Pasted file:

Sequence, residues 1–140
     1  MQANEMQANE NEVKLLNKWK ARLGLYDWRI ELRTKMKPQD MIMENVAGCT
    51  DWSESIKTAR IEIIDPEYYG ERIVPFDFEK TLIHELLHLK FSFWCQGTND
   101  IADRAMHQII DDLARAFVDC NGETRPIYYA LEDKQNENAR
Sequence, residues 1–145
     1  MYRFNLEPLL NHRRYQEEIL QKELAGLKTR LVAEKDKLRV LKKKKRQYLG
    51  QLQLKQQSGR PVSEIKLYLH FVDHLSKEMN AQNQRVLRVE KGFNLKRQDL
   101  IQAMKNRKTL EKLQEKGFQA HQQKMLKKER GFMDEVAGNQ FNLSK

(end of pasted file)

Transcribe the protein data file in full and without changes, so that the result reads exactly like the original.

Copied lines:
Sequence, residues 1–140
     1  MQANEMQANE NEVKLLNKWK ARLGLYDWRI ELRTKMKPQD MIMENVAGCT
    51  DWSESIKTAR IEIIDPEYYG ERIVPFDFEK TLIHELLHLK FSFWCQGTND
   101  IADRAMHQII DDLARAFVDC NGETRPIYYA LEDKQNENAR
Sequence, residues 1–145
     1  MYRFNLEPLL NHRRYQEEIL QKELAGLKTR LVAEKDKLRV LKKKKRQYLG
    51  QLQLKQQSGR PVSEIKLYLH FVDHLSKEMN AQNQRVLRVE KGFNLKRQDL
   101  IQAMKNRKTL EKLQEKGFQA HQQKMLKKER GFMDEVAGNQ FNLSK